Automated testing to avoid user-interaction


Our testing at work has largely been suites of manual tests, in the form of follow a list of instructions, and pass or fail depending on what is expected. i.e. Inefficient, prone to false negatives/positives, time-consuming, and crying out for automation.

The long-standing belief or culture at work has been that automation is prohibitively difficult in a CAD environment because a lot of user-interaction takes place which interrupts code execution. e.g. point clicking, message-boxes, dialogs, etc.

I set out with the belief that there are some categories of tests that can be automated, and that the user-interaction part can be offloaded in an object-oriented way.


  • Testing does not change production code;
  • For any one test, derive a class for the test code;
  • All user interaction gets overridden to not stop execution;
  • Have input data as binary resources in the project;
  • Have some means of comparing a result state, with an expected state;
  • Tests can be run individually, or in groups of common functionality or all together.


Introduce a UnitTest project in the solution that depends on all projects for which you want test code. Build it as a .dll.

In order to test class A, export this class, and derive from A a new class B in the UnitTest project. In this way all test code then happens in B and does not affect production code. This is not to say nothing changes in A to make the tests work, but you won’t be obfuscating the code with flags that cause different behaviour depending on whether it’s called from production code or from test code.

Refactor blocks of user interaction code (dialogs, message boxes, point clicking) into single-purpose functions in A and make them virtual. This might mean teasing apart business logic from interface code, but this is desirable good practise anyway and is a worthwhile change. Then override these virtual functions in the derived test class B to do programmatically what the user would otherwise be doing. For example, in class B handle the following:

  • Dialogs – set the variables that the dialog would otherwise do in it’s OnOK() and return;
  • Message boxes – just return IDYES, IDNO, etc. as required;
  • Point clicking – determine in some other way the desired coordinate, e.g. hard code the coordinate that you want back, or retrieve the coordinate by a database look-up.

In the one and only use of multiple inheritance that I’ve found, is in fact here where I also derive B from a CTest class. CTest class contains functions common to all tests, like comparisons and counts of errors, I/O startup and shutdown code, etc.

UML class diagram

Where document data is needed to conduct the test, say where an existing drawing/document needs to be File Open-ed, then add this file into the UnitTest project as a binary resource. Then programmatically create on disk a file from the resource to be opened instead. In this way, the input test data is part of the code.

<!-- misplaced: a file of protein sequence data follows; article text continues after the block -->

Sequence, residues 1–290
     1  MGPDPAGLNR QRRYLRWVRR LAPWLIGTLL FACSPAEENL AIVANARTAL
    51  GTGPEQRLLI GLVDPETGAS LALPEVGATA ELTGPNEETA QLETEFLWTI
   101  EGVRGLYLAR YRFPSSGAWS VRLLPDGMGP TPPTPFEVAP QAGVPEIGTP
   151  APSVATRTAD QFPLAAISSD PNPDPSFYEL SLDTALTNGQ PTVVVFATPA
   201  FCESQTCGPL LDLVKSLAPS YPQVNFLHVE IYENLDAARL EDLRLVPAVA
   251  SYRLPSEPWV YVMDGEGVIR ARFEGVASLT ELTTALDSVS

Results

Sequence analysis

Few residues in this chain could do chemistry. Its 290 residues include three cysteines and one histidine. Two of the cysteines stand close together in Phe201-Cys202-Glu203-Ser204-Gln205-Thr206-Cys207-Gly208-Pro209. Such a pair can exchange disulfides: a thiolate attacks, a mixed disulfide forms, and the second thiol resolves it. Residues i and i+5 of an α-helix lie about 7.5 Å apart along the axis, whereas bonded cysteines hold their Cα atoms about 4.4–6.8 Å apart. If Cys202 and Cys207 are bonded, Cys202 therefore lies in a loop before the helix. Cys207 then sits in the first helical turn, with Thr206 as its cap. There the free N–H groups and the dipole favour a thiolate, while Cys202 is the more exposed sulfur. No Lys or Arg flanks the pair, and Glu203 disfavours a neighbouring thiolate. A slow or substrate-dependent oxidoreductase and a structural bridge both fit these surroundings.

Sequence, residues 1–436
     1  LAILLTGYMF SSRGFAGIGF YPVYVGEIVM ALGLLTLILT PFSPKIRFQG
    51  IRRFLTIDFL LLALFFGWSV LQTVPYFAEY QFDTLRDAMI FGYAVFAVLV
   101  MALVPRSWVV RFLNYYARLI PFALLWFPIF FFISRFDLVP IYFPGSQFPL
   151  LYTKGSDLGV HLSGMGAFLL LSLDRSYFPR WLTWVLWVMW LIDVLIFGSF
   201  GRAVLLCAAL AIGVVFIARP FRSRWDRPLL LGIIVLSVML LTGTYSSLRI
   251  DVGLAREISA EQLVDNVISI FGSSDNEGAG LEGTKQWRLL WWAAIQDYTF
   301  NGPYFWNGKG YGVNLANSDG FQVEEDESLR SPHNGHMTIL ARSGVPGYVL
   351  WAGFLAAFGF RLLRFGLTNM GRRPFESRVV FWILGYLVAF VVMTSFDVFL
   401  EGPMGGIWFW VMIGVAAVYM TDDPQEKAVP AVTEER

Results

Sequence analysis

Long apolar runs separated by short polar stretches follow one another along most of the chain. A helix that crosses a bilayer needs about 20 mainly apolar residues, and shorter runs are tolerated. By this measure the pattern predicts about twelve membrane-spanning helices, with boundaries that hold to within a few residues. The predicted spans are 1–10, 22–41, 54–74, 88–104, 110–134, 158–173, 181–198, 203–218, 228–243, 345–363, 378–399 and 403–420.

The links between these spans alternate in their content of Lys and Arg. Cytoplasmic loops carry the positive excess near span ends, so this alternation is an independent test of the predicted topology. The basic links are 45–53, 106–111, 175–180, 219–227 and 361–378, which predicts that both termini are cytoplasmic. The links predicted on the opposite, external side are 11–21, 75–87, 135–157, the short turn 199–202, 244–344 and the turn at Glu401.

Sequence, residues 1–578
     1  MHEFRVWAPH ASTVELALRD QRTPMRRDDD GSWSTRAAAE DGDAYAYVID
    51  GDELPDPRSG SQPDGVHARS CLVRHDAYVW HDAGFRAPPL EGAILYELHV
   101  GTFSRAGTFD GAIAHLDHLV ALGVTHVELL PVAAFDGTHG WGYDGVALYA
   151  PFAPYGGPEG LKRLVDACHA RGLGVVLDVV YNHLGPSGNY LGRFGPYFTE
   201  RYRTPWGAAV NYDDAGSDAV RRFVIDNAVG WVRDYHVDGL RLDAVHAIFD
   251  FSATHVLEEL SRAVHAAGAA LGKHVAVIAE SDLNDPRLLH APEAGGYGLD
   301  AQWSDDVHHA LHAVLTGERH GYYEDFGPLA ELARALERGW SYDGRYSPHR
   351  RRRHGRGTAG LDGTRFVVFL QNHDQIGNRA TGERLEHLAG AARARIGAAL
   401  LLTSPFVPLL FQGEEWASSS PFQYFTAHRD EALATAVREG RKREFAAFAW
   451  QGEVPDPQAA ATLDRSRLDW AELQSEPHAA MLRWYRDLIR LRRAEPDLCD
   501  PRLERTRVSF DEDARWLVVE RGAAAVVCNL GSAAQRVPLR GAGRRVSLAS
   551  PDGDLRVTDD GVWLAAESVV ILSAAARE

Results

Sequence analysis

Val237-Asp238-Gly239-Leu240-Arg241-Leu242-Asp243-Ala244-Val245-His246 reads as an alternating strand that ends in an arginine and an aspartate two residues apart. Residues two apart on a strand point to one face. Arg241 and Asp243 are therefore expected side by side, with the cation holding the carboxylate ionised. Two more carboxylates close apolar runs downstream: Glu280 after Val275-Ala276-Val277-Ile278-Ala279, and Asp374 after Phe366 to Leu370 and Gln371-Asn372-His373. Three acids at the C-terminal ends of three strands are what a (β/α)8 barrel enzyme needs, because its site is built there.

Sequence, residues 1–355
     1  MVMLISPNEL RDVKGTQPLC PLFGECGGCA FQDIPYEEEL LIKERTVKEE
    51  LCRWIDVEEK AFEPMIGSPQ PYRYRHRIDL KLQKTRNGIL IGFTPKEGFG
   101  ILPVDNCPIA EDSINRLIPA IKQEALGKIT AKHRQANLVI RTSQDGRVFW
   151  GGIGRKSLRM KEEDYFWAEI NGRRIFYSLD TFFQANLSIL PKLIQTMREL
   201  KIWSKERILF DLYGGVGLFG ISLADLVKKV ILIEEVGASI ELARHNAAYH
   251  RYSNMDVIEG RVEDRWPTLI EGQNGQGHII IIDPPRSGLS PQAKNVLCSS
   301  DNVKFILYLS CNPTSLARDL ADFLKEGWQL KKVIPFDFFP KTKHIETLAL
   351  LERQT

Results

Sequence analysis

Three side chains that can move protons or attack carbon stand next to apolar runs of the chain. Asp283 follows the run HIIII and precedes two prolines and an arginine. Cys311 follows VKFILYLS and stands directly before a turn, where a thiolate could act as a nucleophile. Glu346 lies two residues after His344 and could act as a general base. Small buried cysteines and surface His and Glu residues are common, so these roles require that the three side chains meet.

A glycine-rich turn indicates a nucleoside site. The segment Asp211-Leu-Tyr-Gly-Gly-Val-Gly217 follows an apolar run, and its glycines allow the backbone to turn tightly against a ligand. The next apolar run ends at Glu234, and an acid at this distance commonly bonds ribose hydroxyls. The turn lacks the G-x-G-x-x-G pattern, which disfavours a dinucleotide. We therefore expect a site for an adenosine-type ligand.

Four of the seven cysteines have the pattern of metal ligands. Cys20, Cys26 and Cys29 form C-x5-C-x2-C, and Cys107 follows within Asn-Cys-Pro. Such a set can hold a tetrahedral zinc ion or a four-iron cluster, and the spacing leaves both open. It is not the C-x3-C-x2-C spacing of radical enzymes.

LPCTSTR lpszResourceName = MAKEINTRESOURCE(resource);
HMODULE hMod = GetModuleHandle(_T("UnitTest.dll"));
HRSRC hResFile = FindResource(hMod, lpszResourceName, _T("BINARY"));
HGLOBAL hRes = LoadResource(hMod, hResFile);
DWORD dwResSize = SizeofResource(hMod, hResFile);
UINT FAR* lpnRes = (UINT FAR*)LockResource(hRes);
CFile f(filePath, CFile::modeCreate | CFile::modeWrite );
f.Write(lpnRes, dwResSize);

If the test is of the form ‘compare text output file with solution output file’ then compare the two files programmatically by starting an external file comparator program, e.g. Beyond Compare. Running an external program and blocking until the user closes it can be done like this:

if (PathFileExists(exeFilePath) && !PathIsDirectory(exeFilePath))
   SEI.cbSize = sizeof(SHELLEXECUTEINFO);
   SEI.hwnd = NULL;
   SEI.lpVerb = _T("open");
   SEI.lpFile = exeFilePath; // path to the .exe
   SEI.lpParameters = exeParameters; // command-line paramters to the .exe
   SEI.lpDirectory = NULL;
   SEI.hInstApp = NULL;
      return false;
      ::WaitForSingleObject(SEI.hProcess, INFINITE);

If the test has some other result, then find some way to compare the current state or values, with known expected values. Always increment an error count and show the failed test name in some test results log.


When manually testing,

  • Identify those tests where there is no good reason that a computer can’t do it instead;
  • Keep a list of those tests which take a lot of time to perform;
  • Estimate a 1-5 difficulty in how to run it programmatically;
  • Occasionally make time to write test code to do it instead, the difficulty level helps in dedicating time;
There’s little as satisfying as seeing a computer working extremely hard doing what otherwise would take you hours to perform.

About Alasdair

Capetonian, software developer, land surveyor.
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